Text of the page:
6 Ways To Fight A Lingering Cold

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  • By Robin Westen

    Okay, you’ve got a cold. It’s not the first time and it probably won’t be the last. If you’re like most Americans you can expect between one and two weeks of a runny nose, coughing, sore throat and maybe a headache. Of course there’s no cure for the common cold, but you can cut the time you suffer with its symptoms. Here’s how:

    Take Zinc And Echinacea

    At the first indication of a cold, take a stroll to the health food store or the pharmacy’s natural remedy section. Studies show that zinc nasal sprays can help reduce a cold's severity as well as its length. Scientists suspect that spritzing with a zinc spray coats the cold virus and prevents it from attaching to nasal cells where they enter the body. Also, one study of 120 people with cold-like symptoms who took 20 drops of echinacea every two hours for 10 days had briefer colds than the folks in the study who didn’t take echinacea.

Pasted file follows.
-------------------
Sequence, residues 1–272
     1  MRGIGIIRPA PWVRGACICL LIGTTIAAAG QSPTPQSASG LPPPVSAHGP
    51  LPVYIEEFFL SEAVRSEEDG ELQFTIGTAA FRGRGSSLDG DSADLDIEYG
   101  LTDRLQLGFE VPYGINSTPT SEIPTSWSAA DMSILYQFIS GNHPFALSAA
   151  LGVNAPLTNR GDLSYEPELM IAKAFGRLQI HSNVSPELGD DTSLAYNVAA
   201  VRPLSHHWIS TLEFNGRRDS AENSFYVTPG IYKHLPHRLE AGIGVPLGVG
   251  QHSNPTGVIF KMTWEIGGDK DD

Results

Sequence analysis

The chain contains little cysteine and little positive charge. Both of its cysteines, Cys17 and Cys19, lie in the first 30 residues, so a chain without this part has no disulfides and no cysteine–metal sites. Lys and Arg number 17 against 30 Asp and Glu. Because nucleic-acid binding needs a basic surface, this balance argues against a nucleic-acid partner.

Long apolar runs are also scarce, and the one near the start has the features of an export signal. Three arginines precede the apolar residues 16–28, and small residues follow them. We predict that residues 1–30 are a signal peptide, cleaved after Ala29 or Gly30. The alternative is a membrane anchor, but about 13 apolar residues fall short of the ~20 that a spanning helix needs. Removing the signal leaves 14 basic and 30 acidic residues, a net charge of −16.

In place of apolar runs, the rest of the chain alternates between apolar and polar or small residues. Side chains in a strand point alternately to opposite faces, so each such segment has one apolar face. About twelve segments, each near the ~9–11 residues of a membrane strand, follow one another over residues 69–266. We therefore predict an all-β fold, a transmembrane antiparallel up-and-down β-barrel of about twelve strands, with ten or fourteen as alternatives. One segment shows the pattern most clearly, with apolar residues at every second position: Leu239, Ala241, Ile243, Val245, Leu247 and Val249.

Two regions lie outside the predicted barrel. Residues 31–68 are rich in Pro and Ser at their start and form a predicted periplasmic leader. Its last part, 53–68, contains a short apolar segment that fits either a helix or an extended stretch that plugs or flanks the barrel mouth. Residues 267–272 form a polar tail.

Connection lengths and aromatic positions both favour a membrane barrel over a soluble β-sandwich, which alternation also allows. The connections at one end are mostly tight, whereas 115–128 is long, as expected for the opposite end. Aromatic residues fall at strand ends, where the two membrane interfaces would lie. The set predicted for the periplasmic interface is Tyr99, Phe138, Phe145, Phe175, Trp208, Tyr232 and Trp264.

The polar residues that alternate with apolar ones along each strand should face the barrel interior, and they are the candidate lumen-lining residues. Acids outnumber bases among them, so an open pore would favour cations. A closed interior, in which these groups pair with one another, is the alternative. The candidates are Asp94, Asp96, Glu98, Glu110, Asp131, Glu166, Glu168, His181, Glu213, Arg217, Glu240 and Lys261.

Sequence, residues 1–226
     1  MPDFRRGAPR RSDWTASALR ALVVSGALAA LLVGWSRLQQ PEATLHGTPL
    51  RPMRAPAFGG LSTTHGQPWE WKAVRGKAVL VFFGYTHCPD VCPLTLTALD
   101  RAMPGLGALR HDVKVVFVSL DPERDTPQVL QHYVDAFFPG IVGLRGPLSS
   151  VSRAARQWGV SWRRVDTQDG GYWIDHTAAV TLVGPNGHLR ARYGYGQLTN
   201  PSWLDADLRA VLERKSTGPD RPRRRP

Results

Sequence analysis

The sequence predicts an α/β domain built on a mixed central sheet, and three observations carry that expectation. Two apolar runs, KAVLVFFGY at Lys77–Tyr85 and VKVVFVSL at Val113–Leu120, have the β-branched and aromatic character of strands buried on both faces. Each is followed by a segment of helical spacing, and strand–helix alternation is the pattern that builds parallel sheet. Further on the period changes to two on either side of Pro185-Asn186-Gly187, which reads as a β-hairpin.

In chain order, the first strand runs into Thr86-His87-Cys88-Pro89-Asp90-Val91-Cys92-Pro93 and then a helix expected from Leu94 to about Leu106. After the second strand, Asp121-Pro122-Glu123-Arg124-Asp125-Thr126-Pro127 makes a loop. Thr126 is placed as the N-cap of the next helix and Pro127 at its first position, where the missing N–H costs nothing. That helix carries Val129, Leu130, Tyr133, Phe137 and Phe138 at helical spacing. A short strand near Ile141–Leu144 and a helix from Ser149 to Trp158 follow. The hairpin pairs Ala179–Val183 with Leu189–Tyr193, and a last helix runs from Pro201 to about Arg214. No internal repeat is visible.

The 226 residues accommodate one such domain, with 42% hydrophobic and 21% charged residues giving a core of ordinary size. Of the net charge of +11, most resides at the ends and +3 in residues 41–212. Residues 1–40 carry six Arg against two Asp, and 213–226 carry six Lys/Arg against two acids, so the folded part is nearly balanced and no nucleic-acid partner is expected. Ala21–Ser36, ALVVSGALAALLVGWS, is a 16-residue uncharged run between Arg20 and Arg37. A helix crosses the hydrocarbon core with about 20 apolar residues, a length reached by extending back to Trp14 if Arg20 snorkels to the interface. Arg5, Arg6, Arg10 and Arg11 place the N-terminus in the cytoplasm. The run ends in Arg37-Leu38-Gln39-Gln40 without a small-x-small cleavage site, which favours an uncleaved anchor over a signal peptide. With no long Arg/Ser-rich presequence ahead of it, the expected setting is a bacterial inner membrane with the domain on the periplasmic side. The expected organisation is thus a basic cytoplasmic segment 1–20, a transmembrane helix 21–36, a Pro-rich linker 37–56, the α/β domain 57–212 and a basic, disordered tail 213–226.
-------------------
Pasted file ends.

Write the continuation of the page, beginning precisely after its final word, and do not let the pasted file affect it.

• Bump Up Your Liquid Intake Water, and fruits that contain water, are perfect because they cleanse the body, which can help remove bacteria and toxins. Toxins can contribute to a cold, and the sooner they're out of your body, the more quickly you can recover.
  • Try OTC Remedies Some non-prescription medications can lessen your symptoms. For example, decongestants can help make breathing easier by shrinking swollen mucous membranes in the nose. Use for no more than two or three days. But before you take any OTC meds, speak with your health care provider or the drug store pharmacist to be sure the ingredients won’t affect other medications that you’re taking. FYI: Cough preparations are usually not very effective.
  • Take It Easy Since a cold hangs on for several days, it’s tempting to just try and go about your business without adjusting your schedule. But if you're dealing with a bad cold, consider taking a few days off from regular activities. If you drain your energy level, your cold can last longer.
  • Wash Your Hands - A Lot Be sure to wash your hands after wiping your nose and coughing. Good hygiene can keep you from re-infecting yourself. Plus, you’ll be less likely to infect others.
  • Consider Vitamin C Although it won’t help prevent a cold there’s some evidence that it can short the length you suffer with one. One large study found that people who took a vitamin C megadose -- eight grams on the first day of a cold -- shortened the duration of their colds. But again, speak with your health care provider. Vitamin C can interfere with other medications.